So, it’s a conundrum. You need very good braking here and that is a main area for gains, and the brakes need to be consistent and last all 12 hours. The drivers need confidence in Turns 1 and 17 on the bumps to commit to the throttle early at the exits and a good platform in Turns 3-4 and Turns 15-16 for the change of direction.

Good power down out of Turns 5, 7, 10, 13 and 16 aids in a quick lap, as they all lead on to relatively long full throttle sections.

You reach over 140 mph five times a lap here so power is extremely important in lap time, as is running as much downforce as you can. The ABS of the GT3 cars will help with braking stability over the non-ABS we had with the GTLM cars.

The Setup: Sebring is a compromise; the car needs to be at its best in the closing hours of the race when it is dark with decreasing track temperatures. Daytime pace needs to be controlled with smart driving, staying with the leaders, and not damaging the car.

The forecast is very hot and everyone will struggle with grip in the afternoon. You need dampers that support the car but are compliant, with enough high-speed damping to settle and control the car through the bumps. Too much damping upsets the car on the bumps but not enough and you lose platform support/control.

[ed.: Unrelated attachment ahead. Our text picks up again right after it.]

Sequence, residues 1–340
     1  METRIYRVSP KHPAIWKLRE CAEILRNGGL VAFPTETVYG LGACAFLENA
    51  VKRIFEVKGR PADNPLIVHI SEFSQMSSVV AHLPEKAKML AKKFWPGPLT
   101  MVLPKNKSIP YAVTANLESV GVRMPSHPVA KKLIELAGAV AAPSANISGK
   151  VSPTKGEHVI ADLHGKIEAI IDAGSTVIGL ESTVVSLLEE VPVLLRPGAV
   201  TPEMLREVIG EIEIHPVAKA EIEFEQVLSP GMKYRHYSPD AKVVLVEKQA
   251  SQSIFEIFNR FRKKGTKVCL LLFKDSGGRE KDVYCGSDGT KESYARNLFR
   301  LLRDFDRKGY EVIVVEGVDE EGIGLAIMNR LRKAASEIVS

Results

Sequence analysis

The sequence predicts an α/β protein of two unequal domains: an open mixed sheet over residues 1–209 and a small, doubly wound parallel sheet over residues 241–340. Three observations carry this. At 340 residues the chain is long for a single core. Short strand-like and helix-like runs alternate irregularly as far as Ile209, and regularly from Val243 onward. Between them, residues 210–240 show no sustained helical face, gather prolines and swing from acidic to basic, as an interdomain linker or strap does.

Ride heights are always higher than the legal minimum (at least with the Ferrari) to keep the car from bottoming mainly in Turn 17 (left side) and the exit of Turn 1 (right side).

The typical GT Ferrari setup direction is moderate springs with anti-roll bars on the soft side. GT cars, in general, struggle with rear stability under braking at turn-in, and historically, this is the worst track for this tendency. A soft setup tends to aggravate this tendency.

The Ferrari 488 GT3 is no exception. ABS has significantly improved this, allowing the use of softer springs. We will setup the car to maximize bumpy surface braking efficiency. Good power down (and good BoP power) is important with the many long straights; most are not actually ‘straight’ but are long full throttle sections.

If you get the rear stable, the tendency for off-brake mid-corner understeer becomes the next problem, which delays the ability to go to power.

The Race: The last decade or so has seen the end to the classic endurance race strategy where you’d save the car to make it to the end, even at Sebring. The cars are all so reliable now that long races are just long full-on sprint races.

The large field will likely increase the amount of full course cautions. We only had a couple of pit stops at Daytona that weren’t around a safety car. You need good pace all race in all conditions as there’s no guarantee of the past years’ numerous safety cars to bunch the field back up. You must make it to the end and be up front to be in contention for a win.

You have to race careful and clean, as penalties for avoidable contact are steep; you’ll easily go down a lap in the penalty box. The GTD and GTD Pro count is large and if the BoP is close, it will be hard to pass any GT car.

The addition of the full course caution class splits with LMPs and GTs avoids some overzealous LMP drivers making low percentage passing moves on GT cars while they work through the field after a safety car.

Personally, this is my favorite track and it’s been a good track for Risi Competizione with numerous podiums and three GT class wins. Let’s just hope our luck changes and we get the top step at Sebring!